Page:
A coalition of more than 175 civil society organisations from over 45 countries has released a joint position urging world leaders to end OECD export finance, including from Export Credit Agencies (ECAs), for new oil and gas infrastructure. 

The proposal calls on OECD members that “consider themselves climate leaders” to table such a proposal during OECD discussions on aligning export finance with international climate goals scheduled for next week (6–9 March), in Paris, France. According to the International Energy Agency, there must be no new oil and gas field development for a good chance of limiting global temperature rise to 1.5°C.

At COP26, 19 out of 38 OECD members signed an agreement to end international financing of fossil fuels by the end of 2022, but many have so far failed to do so. The coalition argues that signatories must now uphold this commitment, which also includes an explicit directive to encourage others to align their frameworks with Paris Agreement goals.

Governed by the OECD, ECAs provide more public finance for fossil fuel projects than any other type of public finance institution including the Multilateral Development Banks. Between 2019 and 2021, ECAs provided $34bn of financing annually to companies developing fossil fuel projects through government-backed loans, guarantees, credits and insurance – more than seven times their support for clean energy. 

The civil society groups propose that OECD members address oil and gas to build on existing restrictions that prohibit ECA financing for unabated coal power, which led to a decrease in G20 public finance support for coal projects of $2.7bn between 2019 and 2022.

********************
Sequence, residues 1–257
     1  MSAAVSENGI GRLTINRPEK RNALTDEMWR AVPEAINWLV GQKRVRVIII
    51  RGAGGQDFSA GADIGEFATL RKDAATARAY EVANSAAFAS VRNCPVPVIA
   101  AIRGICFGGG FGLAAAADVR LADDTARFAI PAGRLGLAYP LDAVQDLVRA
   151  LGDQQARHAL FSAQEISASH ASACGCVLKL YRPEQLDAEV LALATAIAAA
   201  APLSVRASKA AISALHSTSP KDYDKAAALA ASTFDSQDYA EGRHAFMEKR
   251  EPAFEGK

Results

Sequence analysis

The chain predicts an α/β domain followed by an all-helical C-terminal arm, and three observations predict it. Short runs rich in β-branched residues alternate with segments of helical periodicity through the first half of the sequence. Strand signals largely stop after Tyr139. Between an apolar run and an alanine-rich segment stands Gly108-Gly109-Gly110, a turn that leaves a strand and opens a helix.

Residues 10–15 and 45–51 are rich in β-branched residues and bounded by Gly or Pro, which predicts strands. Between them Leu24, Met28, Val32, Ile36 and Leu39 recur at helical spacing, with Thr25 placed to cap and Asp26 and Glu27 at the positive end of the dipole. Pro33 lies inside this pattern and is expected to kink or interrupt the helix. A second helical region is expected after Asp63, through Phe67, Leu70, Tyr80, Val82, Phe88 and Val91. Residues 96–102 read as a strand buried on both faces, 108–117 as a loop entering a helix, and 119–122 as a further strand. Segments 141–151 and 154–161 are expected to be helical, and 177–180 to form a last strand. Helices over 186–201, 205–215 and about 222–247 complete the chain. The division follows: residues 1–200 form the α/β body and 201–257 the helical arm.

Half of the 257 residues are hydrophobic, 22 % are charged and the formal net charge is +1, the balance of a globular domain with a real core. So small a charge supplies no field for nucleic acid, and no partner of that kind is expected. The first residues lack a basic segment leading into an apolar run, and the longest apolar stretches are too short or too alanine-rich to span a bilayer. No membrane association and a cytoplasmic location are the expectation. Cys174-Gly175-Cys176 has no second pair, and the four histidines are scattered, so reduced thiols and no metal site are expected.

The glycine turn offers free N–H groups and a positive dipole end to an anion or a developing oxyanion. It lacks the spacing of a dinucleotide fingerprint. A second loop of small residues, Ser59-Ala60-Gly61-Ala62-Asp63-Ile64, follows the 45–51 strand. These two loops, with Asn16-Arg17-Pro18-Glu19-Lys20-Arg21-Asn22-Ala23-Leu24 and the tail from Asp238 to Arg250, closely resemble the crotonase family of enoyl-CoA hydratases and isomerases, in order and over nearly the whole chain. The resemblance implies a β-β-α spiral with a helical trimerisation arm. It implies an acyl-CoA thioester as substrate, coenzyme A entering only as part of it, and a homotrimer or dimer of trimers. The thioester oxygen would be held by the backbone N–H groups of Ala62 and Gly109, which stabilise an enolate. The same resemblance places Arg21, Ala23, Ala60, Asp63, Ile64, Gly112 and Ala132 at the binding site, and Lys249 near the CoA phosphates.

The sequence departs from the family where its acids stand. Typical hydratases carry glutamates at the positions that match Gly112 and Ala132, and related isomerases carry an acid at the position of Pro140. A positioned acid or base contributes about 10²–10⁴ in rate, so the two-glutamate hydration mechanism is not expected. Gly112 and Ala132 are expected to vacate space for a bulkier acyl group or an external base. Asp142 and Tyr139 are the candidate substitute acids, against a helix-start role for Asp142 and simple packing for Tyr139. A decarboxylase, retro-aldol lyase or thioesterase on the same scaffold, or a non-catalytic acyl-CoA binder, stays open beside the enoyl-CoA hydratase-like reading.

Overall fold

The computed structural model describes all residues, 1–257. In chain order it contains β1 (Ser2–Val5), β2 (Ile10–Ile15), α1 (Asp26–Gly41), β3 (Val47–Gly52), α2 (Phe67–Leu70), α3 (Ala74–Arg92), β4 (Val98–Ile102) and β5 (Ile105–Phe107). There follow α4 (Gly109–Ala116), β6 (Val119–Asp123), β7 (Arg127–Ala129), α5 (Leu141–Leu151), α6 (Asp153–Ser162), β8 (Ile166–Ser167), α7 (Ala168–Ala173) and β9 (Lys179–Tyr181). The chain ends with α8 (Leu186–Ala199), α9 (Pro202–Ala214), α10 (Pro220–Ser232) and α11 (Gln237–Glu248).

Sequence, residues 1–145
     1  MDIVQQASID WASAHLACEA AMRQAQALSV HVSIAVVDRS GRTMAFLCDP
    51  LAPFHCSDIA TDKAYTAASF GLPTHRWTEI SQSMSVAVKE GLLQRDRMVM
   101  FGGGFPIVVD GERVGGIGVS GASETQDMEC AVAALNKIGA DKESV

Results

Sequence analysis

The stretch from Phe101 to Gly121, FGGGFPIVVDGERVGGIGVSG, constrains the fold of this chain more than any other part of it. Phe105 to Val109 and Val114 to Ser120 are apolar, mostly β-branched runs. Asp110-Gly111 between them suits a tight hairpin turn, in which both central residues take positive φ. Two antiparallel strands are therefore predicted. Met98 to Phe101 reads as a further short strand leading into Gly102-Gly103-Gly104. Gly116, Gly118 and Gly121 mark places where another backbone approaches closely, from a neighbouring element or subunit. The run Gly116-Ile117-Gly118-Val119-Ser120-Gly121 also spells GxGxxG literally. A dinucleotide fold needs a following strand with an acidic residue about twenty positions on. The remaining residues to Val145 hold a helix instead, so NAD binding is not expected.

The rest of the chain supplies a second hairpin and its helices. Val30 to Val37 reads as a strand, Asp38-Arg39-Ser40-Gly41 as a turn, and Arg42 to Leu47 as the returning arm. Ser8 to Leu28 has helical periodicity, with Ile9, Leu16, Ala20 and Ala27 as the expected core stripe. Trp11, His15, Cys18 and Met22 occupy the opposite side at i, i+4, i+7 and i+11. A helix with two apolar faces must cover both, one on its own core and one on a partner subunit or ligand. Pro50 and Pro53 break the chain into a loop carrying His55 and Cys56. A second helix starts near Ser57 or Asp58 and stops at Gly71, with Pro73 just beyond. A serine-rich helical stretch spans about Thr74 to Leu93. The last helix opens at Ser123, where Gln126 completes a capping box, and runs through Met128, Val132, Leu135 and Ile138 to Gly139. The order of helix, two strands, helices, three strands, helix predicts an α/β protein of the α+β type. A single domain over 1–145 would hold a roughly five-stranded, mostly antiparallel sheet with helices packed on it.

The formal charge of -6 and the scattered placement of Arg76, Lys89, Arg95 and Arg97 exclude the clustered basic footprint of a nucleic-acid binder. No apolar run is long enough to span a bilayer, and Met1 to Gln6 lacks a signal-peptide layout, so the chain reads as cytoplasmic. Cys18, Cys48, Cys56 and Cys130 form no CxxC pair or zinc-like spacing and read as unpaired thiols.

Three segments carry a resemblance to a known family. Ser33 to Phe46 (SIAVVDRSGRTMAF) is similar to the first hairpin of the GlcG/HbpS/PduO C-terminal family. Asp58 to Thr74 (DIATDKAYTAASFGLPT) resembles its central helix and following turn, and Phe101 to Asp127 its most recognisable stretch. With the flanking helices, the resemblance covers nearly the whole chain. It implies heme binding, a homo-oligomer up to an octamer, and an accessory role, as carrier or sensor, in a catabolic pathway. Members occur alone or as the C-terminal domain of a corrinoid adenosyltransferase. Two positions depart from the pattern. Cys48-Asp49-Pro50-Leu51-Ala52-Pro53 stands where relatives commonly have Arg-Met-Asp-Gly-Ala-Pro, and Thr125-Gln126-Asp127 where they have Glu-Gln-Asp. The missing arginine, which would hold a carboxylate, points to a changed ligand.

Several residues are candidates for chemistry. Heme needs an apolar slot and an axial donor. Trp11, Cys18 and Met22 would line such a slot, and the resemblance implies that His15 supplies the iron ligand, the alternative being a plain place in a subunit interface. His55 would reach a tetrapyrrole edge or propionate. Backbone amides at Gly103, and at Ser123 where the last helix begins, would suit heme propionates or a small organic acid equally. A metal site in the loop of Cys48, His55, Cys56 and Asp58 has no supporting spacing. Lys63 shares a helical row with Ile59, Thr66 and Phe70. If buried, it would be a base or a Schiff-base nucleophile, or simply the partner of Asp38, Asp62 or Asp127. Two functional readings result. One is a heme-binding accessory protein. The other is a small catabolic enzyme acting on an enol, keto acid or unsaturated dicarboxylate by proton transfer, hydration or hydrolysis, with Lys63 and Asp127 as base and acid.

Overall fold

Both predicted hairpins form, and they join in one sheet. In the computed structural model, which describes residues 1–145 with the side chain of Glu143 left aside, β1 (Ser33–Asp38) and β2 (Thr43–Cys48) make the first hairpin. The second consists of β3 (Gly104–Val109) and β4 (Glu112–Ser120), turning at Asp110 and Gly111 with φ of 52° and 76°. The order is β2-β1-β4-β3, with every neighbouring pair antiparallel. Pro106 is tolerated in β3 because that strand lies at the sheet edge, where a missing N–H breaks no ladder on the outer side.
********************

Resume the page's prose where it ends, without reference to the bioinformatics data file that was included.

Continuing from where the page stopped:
Aryampa Brighton, CEO for Uganda-based non-profit Youth for Green Communities, said in a press statement: “Governments all over the world should and must stop funding fossil fuels at home and abroad. They have power to stop banks that are financing these dirty projects, such as the dangerous EACOP [East African Crude Oil Pipeline] project in Uganda and Tanzania. The banks together with oil companies should look at supporting Uganda, Tanzania and Africa at large to be leaders of the 21st century transition to clean renewable energy.”

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Kate DeAngelis, international finance programme manager at Friends of the Earth United States, added: “The world is waiting for the US to fulfill its pledges as a leader on climate, particularly through the US Export-Import Bank. Biden cannot promote a renewable energy transition at home while bankrolling fossil fuels abroad.”